I’ve really come to appreciate the great contribution that programmers make to the lives of us computer users, especially the ones who give their programs away, out of what I believe is just plain goodwill, and the joy of sharing their work with others.
I was working away with Fyre the other day and began to simultaneously praise it’s wonderful creativity and curse it’s lack of parameter files and the ability to do anti-aliasing.
Imagine my regret when I soon discovered how to save image parameters (so I could rework them later) and also to get rid of those revolting rough, jagged edges on curved shapes (ie. anti-aliasing – smoothing).
Not knowing much about how Fyre works (I think it’s an IFS, or flame thing, like Apophysis) I wasn’t exactly sure if it was even possible to save parameter files (the basic formula or underlying structures of the image). The menu options are pretty simple, although that also makes them easy to use, and I thought I’d tried them all.
While viewing a Fyre image in my image viewer, Konqueror, I suddenly saw it display some “meta” information that looked like all the variables used in forming an image. That looks just like a fractal parameter file, I thought, just a little shorter than usual -embedded in the png image file.
I knew jpgs could include information like a copyright notice, but I didn’t know pngs could. It’s just not an aspect of image files that I’ve ever had a need to use. I’d always wondered what the menu item, “Open Image” was for and so I opened my old image made in Fyre and instantly it was regenerated. I made some adjustments and was able to modify the image as if I had never stopped working with it. The saved png images contain the parameter information as meta information and all you have to do is reload the image to start working with it again. That’s pretty smart programming I think.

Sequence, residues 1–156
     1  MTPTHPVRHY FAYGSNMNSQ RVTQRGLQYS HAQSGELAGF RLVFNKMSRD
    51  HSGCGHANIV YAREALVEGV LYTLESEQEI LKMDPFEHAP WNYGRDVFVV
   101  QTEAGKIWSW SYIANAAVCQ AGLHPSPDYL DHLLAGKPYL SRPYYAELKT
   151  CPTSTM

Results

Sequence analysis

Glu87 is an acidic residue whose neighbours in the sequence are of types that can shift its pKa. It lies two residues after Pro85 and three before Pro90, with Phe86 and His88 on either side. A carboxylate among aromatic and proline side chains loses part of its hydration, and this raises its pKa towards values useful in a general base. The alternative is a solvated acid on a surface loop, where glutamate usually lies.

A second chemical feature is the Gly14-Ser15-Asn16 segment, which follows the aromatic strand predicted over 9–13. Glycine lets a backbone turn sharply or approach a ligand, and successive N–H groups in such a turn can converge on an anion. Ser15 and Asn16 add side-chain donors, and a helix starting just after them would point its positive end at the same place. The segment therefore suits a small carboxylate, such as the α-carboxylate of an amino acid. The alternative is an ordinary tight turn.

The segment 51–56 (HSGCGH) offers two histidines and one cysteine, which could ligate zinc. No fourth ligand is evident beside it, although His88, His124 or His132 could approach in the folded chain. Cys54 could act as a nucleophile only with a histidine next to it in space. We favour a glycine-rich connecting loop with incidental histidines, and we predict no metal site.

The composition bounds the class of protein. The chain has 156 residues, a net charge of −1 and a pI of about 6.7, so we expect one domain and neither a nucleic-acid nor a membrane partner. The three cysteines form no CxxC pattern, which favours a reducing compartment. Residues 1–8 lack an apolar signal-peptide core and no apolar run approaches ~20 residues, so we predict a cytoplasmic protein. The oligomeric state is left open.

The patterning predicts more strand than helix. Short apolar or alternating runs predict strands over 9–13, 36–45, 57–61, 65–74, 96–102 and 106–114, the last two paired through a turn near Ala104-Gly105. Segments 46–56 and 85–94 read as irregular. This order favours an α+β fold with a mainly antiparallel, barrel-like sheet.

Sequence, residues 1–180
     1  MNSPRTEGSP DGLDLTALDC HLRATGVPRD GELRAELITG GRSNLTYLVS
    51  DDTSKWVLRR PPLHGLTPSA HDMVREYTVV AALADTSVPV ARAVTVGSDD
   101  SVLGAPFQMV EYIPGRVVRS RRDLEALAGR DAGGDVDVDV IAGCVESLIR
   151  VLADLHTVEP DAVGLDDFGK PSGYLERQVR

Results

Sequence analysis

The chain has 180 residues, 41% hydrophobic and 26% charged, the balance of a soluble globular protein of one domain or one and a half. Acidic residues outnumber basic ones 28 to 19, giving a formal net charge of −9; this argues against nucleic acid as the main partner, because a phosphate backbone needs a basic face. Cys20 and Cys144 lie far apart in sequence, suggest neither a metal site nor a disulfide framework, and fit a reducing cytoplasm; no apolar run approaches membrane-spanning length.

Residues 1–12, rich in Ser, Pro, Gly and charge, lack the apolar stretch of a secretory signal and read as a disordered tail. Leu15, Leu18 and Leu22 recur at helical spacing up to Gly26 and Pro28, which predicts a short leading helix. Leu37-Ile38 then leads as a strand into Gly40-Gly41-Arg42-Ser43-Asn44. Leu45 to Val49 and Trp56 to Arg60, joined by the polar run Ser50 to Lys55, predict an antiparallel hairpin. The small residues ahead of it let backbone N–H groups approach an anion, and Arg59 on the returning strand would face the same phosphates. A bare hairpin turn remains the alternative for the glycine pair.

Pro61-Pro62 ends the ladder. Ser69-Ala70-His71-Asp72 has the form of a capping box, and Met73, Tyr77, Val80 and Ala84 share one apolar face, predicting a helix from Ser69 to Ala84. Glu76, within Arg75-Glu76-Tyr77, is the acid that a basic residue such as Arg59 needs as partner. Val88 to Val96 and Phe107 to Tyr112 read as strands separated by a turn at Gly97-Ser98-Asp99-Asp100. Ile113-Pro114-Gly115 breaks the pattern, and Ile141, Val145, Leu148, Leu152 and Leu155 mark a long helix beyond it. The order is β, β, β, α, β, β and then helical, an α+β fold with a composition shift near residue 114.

But the ugly jagged curves? I thought I would just have to do what I do with fractal programs that don’t have any built-in anti-aliasing: I would generate an image 2 or 4 times the size and scale it down 2 or 4:1, which is what anti-aliasing does, I think. Funny though, just below the two fields where you input the height and width sizes of the image that I wanted to change, there’s this “Oversampling” thing which has “1” as the default entry. I changed it to “2” (I tried to change it to “0”, but it wouldn’t let me). The image immediately regenerated, a little more slowly, and seemed to have lost all of its rough edges -it looked anti-aliased.
I don’t know why I didn’t experiment with the oversampling option. Its a common variable in many graphics tools. I guess I’m just used to seeing the label, “anti-aliasing”, and wasn’t thinking. I was almost ready to send off an email, telling the developers how great I thought their program was and wouldn’t it be nice if in the next revision they could just give it the ability to save image parameters and do antialiasing. If I was one of the Fyre developers, my response to an email like that would be, “Man! This guy’s a real imbecile!”